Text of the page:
Dan Gurney, who passed away yesterday at his home in California at the age of 86, was justly regarded as one of the greatest racing drivers America has ever produced.
His four victories in world championship F1 races during a 12-year career are a reminder that mere statistics do not always do justice to the sport’s true greats. A better measure of his talent was the esteem he was held in by the likes of Jim Clark, who famously regarded Gurney as his greatest competitor.
Gurney reckoned that by the time he sat on the the grid at Reims for his world championship debut in 1959 he had only started 22 races. Ferrari importer Luigi Chinetti had recommended Gurney to the Scuderia after seeing him race in the US, and after driving for the team at Le Mans Gurney was handed his F1 chance.
His debut was curtailed by a broken radiator, but next time out at AVUS he finished second to team mate Tony Brooks. Third and fourth in his next two starts were further indications a major new talent had arrived.
But his decision to leave the team at the end of the season to join BRM proved a mis-step: By 1961 Ferrari had the car to beat in the championship and Gurney, after a season frustrated by unreliability, had joined Porsche’s works F1 team. Here he faced the opposite problem: the car was reliable but not quick.
By 1962 it was competitive enough for him to take his first world championship race victory at Rouen and a non-championship triumph at Solitude. This wasn’t enough to sustain Porsche’s interested in F1, however, and they quit.
That Gurney to join Jack Brabham’s team. He finished ahead of his boss in the championship over the next three seasons, but leaving the team at the end of 1965 proved another ill-timed move: Brabham and new team mate Denny Hulme won the next two championships.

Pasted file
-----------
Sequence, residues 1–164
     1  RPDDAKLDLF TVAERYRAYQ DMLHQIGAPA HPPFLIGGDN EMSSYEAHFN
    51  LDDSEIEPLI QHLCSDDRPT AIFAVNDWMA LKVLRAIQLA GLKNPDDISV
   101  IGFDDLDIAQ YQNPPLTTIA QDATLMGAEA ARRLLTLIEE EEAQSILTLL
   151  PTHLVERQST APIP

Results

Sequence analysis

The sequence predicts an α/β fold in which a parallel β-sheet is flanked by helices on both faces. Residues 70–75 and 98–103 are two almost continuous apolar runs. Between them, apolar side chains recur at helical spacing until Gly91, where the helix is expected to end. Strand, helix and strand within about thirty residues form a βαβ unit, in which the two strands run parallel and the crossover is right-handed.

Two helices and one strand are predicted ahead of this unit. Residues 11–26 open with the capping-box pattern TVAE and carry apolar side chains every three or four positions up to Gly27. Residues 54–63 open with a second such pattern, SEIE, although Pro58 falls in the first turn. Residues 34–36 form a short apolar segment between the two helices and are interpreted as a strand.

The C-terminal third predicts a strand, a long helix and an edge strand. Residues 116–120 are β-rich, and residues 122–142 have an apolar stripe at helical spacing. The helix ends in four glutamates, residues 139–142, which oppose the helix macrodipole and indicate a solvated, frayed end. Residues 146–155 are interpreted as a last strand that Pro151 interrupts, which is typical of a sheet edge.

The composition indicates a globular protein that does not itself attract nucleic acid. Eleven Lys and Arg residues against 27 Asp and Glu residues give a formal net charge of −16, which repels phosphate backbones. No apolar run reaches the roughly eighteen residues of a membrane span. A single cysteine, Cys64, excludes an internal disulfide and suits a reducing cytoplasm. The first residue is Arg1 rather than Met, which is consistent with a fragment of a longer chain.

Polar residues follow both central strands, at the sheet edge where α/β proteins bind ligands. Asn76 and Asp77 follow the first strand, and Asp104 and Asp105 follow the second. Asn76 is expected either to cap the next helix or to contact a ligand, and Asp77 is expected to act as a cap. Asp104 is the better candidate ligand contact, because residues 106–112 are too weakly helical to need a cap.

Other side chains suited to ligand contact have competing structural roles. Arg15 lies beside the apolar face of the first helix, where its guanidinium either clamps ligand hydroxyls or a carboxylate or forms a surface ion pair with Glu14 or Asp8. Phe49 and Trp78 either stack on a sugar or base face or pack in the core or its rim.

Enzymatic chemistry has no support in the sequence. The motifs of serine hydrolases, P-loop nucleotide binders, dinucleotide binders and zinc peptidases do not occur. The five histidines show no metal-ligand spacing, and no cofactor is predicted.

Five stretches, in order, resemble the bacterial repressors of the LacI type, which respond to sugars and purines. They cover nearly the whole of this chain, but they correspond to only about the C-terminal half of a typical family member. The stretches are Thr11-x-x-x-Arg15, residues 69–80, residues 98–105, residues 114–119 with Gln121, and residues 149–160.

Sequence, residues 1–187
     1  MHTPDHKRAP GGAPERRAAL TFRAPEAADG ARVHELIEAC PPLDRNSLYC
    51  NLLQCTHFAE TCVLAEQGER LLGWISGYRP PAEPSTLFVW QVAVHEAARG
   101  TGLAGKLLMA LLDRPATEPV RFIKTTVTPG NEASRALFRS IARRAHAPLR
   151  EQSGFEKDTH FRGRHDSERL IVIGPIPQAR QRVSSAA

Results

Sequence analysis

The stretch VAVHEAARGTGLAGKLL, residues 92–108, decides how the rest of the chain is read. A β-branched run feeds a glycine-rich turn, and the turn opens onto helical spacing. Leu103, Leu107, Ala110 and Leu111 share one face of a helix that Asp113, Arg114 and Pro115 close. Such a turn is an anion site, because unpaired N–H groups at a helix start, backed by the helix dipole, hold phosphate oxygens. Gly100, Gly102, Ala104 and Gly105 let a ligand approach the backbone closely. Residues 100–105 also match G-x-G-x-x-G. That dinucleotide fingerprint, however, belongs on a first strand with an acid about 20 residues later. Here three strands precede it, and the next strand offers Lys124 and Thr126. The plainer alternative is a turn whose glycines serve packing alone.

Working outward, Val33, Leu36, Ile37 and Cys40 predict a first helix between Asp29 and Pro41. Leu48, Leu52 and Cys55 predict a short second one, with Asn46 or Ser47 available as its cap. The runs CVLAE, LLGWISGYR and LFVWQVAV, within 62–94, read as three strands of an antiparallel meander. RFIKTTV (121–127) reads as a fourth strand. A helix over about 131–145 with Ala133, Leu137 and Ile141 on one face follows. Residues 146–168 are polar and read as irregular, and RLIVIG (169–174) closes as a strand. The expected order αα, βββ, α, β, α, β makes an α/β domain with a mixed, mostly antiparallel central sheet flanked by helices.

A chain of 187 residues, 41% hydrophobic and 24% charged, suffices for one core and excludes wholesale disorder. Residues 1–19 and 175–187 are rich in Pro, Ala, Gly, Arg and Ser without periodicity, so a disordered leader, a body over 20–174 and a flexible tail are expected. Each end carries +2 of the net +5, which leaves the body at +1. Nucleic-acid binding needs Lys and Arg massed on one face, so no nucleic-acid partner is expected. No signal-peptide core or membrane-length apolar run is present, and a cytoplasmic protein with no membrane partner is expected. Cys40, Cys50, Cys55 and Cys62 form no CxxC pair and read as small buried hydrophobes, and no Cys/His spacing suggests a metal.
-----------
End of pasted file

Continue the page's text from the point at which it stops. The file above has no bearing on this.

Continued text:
Like Brabham, Gurney’s ambitions lay beyond just driving. He entered his own car for 1966, the Anglo-American Racers Eagle, which once mated to Weslake’s V12 engine became a competitive if unreliable proposition.
The following year at Spa the car held to the flag and Gurney won after passing Jackie Stewart. The only other race it finished Gurney also reached the podium.
June 1967 was a good month for Gurney, as a week before his Spa win he had shared victory in the Le Mans 24 Hours with another giant of American motor racing, AJ Foyt, at the wheel of Ford’s GT40. His post-race champagne celebration started a trend which remains to this day.
Success in another of the great races eluded him, however: Despite being at the vanguard of the rear-engine revolution at the Indianapolis 500, Gurney peaked with back-to-back second places in 1968 and 1969.
By then he had stepped back from Formula One. But the death of another fellow racer-turned-constructor in 1970 drew him back.
The McLaren team turned to Gurney when founder Bruce McLaren was killed in a testing crash at Goodwood. Just 12 days later, Gurney claimed an important victory for the team’s Can-Am effort at Mosport, and followed that up with another victory at Mont Tremblant. He also drove for them in F1, scoring his final point at Clermont-Ferrand.
Gurney retired from the sport soon afterwards, making him one of the best drivers of his age to emerge unscathed. But his impact on the sport spread far beyond his achievements at the wheel.
Gurney continued to run a team in IndyCar, where in the early seventies he pioneered an aerodynamic device which remains in use across motor racing today: the Gurney flap. After pulling out in the eighties, Gurney revived his team in the nineties. And he continued to play a role in championing new motor racing technology until late in his life, championing the innovative DeltaWing project.
Gurney’s funeral will be private. His family and colleagues request that in lieu of flowers donations be made to Hoag Hospital Foundation in Newport Beach, California.
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